Trump announces he will ban the use of TikTok in the United States.

The president assures that he will take the measure this Saturday in fear that the platform will be used by Chinese intelligence

US President Donald Trump announced on Friday that he will ban the Chinese-owned social network TikTok in the United States, amid concerns that the platform may be used by Beijing to spy. The announcement constitutes a new step in the escalation of hostilities by the Republican Administration towards the Chinese technology sector.

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What Trump has said 

“As for TikTok, we are going to ban it in the United States,” Trump said in remarks to reporters on the Air Force One presidential plane. The president added that he could take the measure this Saturday by resorting to the emerging economic power or through an executive order, a mechanism that would allow him to exclude online threats to the national security of the United States.

TikTok is a popular video app for young people, headquartered by China-based ByteDance, and has around 1 billion users worldwide. The application has been downloaded 165 million times in the United States.

The newspaper The Wall Street Journal and Bloomberg advanced that Trump was planning to announce a decision to order ByteDance the sale of its US operation, to the view that the service could be used by the Chinese secret services. ByteDance would be willing to sell its shares in the US in reaction to Trump’s veto, a source related to the process told The New York Times on Saturday.

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Sources quoted by The Washington Post say that Microsoft is negotiating to buy it, for a price that could reach several tens of billions of dollars. The acquisition by Microsoft, if it occurs, would suddenly place the American company at the forefront of technology, and would substantially change the map of social networks in the United States.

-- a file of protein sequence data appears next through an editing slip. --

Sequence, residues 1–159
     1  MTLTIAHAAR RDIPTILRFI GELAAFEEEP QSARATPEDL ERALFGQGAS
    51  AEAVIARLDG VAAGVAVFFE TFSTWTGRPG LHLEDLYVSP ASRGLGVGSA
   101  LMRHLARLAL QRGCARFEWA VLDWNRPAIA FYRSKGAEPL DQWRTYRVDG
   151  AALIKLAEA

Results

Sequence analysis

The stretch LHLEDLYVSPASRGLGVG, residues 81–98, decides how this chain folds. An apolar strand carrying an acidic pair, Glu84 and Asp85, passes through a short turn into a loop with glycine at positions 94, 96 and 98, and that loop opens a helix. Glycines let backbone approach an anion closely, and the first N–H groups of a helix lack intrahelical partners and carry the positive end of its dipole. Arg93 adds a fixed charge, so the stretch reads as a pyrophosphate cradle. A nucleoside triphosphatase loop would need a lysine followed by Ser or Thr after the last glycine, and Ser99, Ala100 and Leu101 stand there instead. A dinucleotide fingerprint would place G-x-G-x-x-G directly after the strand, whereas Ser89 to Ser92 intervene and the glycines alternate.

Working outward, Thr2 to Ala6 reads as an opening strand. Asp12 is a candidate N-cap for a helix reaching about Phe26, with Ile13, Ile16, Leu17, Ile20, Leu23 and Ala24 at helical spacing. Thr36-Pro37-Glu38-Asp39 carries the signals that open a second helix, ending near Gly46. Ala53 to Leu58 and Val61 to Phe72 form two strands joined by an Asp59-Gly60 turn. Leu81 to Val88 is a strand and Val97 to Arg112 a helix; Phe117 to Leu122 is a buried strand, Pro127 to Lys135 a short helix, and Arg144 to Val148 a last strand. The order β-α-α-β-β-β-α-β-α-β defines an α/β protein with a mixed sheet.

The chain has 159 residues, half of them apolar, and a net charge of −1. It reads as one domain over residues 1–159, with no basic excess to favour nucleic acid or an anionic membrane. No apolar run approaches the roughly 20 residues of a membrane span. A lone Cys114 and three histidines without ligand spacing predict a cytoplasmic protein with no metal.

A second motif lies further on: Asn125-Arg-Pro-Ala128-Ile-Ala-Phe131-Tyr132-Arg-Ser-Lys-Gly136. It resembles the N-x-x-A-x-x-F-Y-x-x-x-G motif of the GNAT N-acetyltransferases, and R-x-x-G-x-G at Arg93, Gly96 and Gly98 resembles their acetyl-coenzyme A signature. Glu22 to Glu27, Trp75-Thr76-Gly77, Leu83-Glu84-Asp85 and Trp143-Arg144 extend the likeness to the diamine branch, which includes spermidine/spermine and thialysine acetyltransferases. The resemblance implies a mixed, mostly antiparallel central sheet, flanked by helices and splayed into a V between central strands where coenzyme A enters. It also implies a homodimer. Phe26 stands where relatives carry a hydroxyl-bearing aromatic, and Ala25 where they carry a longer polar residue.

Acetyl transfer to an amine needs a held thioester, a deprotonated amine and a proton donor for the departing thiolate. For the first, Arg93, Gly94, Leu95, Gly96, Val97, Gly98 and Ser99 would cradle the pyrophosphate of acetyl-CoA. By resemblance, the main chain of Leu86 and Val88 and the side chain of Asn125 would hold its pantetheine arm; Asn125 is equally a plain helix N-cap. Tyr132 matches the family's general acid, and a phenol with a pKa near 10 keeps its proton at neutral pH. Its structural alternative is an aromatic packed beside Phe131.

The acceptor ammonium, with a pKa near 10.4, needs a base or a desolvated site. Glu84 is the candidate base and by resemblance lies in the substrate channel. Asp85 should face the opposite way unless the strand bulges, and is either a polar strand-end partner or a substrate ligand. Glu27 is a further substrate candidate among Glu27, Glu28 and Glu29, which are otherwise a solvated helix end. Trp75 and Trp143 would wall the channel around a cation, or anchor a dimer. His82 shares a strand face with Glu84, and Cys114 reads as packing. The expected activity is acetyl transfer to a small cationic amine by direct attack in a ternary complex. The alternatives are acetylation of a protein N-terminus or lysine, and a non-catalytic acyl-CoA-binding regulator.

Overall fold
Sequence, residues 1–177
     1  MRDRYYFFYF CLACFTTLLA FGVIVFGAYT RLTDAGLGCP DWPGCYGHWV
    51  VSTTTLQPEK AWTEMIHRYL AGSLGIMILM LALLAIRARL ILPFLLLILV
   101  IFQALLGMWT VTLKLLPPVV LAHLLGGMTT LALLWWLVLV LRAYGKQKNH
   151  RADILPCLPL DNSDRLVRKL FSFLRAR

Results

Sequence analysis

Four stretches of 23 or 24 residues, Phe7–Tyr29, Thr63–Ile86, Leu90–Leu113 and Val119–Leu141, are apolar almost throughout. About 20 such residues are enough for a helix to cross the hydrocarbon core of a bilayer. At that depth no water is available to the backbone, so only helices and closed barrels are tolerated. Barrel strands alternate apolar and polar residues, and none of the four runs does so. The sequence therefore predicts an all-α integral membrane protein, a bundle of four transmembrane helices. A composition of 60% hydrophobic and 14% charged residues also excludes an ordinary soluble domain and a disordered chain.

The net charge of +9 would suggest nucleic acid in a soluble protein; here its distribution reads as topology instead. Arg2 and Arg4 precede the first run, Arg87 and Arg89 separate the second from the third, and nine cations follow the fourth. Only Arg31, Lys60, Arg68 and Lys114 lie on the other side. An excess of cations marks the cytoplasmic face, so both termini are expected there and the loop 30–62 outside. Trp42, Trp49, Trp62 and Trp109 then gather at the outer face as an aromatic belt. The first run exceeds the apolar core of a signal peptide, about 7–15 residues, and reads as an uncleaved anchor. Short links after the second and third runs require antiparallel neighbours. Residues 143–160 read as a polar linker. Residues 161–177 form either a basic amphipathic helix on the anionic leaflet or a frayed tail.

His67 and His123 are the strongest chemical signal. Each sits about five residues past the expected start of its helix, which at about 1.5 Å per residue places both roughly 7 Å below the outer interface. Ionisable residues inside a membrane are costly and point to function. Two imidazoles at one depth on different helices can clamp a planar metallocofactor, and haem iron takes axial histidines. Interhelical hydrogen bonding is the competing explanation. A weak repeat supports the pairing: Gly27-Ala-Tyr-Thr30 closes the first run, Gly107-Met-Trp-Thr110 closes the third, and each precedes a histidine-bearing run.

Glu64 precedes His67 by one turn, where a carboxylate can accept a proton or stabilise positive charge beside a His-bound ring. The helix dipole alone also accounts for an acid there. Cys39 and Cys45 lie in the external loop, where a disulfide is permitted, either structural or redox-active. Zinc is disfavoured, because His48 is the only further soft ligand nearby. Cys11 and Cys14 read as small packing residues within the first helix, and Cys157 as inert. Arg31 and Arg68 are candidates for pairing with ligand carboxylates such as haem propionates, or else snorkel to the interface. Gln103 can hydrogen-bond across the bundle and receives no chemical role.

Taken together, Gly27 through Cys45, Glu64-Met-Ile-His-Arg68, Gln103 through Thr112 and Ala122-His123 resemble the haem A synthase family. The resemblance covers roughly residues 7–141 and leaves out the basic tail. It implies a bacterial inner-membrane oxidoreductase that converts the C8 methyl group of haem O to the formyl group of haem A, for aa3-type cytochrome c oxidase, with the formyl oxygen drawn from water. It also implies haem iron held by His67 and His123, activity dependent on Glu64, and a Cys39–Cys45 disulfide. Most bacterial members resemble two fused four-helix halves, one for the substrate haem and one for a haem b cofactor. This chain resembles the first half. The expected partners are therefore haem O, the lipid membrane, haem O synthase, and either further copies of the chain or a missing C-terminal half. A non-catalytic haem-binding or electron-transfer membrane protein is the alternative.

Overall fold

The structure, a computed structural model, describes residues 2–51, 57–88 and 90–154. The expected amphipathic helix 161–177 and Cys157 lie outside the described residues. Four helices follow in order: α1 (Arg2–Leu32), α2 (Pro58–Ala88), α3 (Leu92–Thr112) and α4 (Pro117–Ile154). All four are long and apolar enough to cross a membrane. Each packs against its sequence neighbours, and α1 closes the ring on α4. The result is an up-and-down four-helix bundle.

This week, in his testimony in Congress with the heads of Google, Apple and Amazon, an audience in which Microsoft was not present, the founder of Facebook, Mark Zuckerberg, referred to TikTok as his rival. Friday at Air Force One, the president made it clear that he is not in favour of an agreement that allows a US company to buy the TikTok operation in the US country.

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Members of the Administration and congressmen have expressed concern that the Chinese government has access to personal data of millions of US citizens, that the social network is used by Beijing for espionage purposes. Secretary of State himself Mike Pompeo said in July that the United States “certainly” was “contemplating” banning TikTok. The Pentagon already recommended in December that members of the Army not use the app.

TikTok has denied any link with the Beijing Government. The company has promised this week a high level of transparency, being open to even allow revisions to its algorithms. “We are not politicians, we do not accept political publicity and we do not have a political agenda; our sole objective is to remain a dynamic platform for everyone to enjoy.

TikTok has become the ultimate target, but we are not the enemy, “said the head of the social network, Kevin Mayer, in a publication this week. Hilary McQuaide, a company spokesperson, declined to comment on Trump’s announcement but expressed “confidence in the long-term success of TikTok.”

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Last June, TikTok jumped into the headlines after hundreds of users of the social network as well as teen amateur musical genre K-pop is attributed the sabotaging a meeting of President Trump in Tulsa (Oklahoma), mobilising its users to register as event attendees to make organisers believe that attendance was going to be much higher. The meeting had a much more modest call than the president’s campaign expected.

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